A state constituency election to fill a vacant seat in the Rivers State House of Assembly on August 18 was aborted due to a riot of gunshots by suspected thugs, snatching of ballot boxes and other acts of criminality unbecoming of a democratic contest. The Independent National Electoral Commission that organised the poll has not yet given a new date for a rescheduled conduct. It is alarming that this happened despite the heavy security presence in the area. A total of 1,500 security personnel comprising the police and other services were there to guarantee peace and security.
Not many observers would be surprised at this turn of events. The state has since the Fourth Republic been projecting itself seemingly as a political jungle, where thugs are bred, armed by politicians and used freely in maiming and killing of political opponents and winning elections. The recent parliamentary electoral debacle has provoked accusations and recriminations by the main political actors in the state. Governor Nyesom Wike blamed the All Progressives Congress – an opposition party in the state – for the mayhem. He alleged that the party used the police and other security agents to create havoc. But the APC demurs and throws back the blackmail to the state government, which it accused of recruiting thugs to do its dirty jobs.
Indeed, these developments bode ill for the 2019 elections. But the political maelstrom has thrived because the country has continued to treat subversion of the will of the people at the ballot with kid gloves. The European Union Observation Mission report on the April 2015 general election confirmed Rivers State as the unmistakable leader in electoral violence. It stated, “On 11 April election day, there were increased security incidents, with at least 30 people killed predominantly in Rivers and Akwa Ibom.”
INEC corroborated this in its interim report on the conduct of the governorship and state Assembly polls when it noted that the state had 16 incidents of violence, the highest among the 36 states of the federation. Elections could not hold in some wards and constituencies as a result of insecurity. During the rescheduled polls on March 19, 2016, the situation was not different either, forcing the commission to vow not to return to the state until peace supervened.
The state has been in a cauldron since then as sabre-rattling remains a way of life for the gladiators there. Last November, the security aides to Wike and those of the Minister of Transportation, Rotimi Amaechi, clashed at a junction in Port Harcourt. One of them (or both men) could have been killed, but for providence. In May this year, thugs of rival factions of APC invaded the premises of a court to stop it from giving a ruling on the party’s congress. For about 30 minutes, gunshots ricocheted, people ran helter-skelter and vehicles were vandalised. It is only in a state in anarchic overdrive that such felony will occur without consequences.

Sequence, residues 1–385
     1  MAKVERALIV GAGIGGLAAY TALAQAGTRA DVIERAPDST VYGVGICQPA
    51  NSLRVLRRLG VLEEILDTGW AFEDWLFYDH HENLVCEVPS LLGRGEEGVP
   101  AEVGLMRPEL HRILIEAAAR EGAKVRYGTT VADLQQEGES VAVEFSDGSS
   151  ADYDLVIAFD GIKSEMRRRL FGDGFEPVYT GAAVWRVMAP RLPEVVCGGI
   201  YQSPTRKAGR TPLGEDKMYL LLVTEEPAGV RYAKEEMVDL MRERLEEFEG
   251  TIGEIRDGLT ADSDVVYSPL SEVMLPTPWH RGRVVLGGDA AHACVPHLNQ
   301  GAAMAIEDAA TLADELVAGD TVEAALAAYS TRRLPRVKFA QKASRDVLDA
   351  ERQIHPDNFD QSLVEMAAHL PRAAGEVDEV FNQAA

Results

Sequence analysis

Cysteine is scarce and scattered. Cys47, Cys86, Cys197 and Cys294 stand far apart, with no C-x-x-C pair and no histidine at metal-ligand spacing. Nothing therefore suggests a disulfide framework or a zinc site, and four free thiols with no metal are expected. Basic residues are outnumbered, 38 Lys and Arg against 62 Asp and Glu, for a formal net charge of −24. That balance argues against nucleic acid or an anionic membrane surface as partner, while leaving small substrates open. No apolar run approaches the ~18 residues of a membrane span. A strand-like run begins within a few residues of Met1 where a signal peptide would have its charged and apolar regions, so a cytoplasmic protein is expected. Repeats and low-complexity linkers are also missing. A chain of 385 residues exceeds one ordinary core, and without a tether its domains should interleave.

President Muhammadu Buhari, while inaugurating the INEC chairman, Mahmood Yakubu, had admonished him to ensure that electoral offenders were punished in order to bring sanity to the country’s electoral process. Not embracing this punitive step has created the fertile ground for the impunity to continue to flower.
It is curious why, within a space of two months, the Nigerian Customs Service intercepted two containers with military uniforms in the state. The first was on July 28, which involved 400 pairs of new sets of military camouflage, totalling 4,400 sets. This August, another container with 620 sets of military uniforms, 10,100 military T-shirts and 515 pairs of military jungle boots, were seized; in what seems to be materials for an illegal army in the making for the 2019 polls. Since the importer has been taken into custody by state operatives, the authorities should not waste much time in the investigation before subjecting him and his confederates to the due process of the law. That is the only way to send a strong message to other criminally minded persons that are yet to be nabbed.
Some soldiers in the course of duty have been killed in the state, policemen beheaded, and civilians routinely eliminated. Alkali Mohammed, a Deputy Superintendent, and his orderly were beheaded in Juju community near Ormolu in Rivers in December, 2016. It is for this reason that we faulted government’s policy of appeasement towards confessed cultists, hired assassins, kidnappers and robbers, numbering 2,000, granted amnesty in October 2016, after they surrendered 911 arms, including AK47 rifles, pump action guns and 7,369 rounds of ammunition.
That these miscreants are a creation of politicians was put beyond doubt, with the revelation of a former vice-president in a BBC Hausa Service interview in 2013. He claimed that some governors intimated him, while he was in office, of their plan to recruit thugs and arm them for the purpose of winning their elections, which he advised against. He underscored the point that after winning the election and they failed to provide jobs for them, they would rise against the people. These hardened criminals are always tools in the hands of their debauched political patrons during election period. This is the tragedy of Rivers State.
In developed societies, the ex-VP’s lead would have been acted on by law enforcement agencies. This is why official indolence on such criminality puts the conduct of violence-free and credible elections at the mercy of hoodlums, not only in Rivers, but in many states across the country.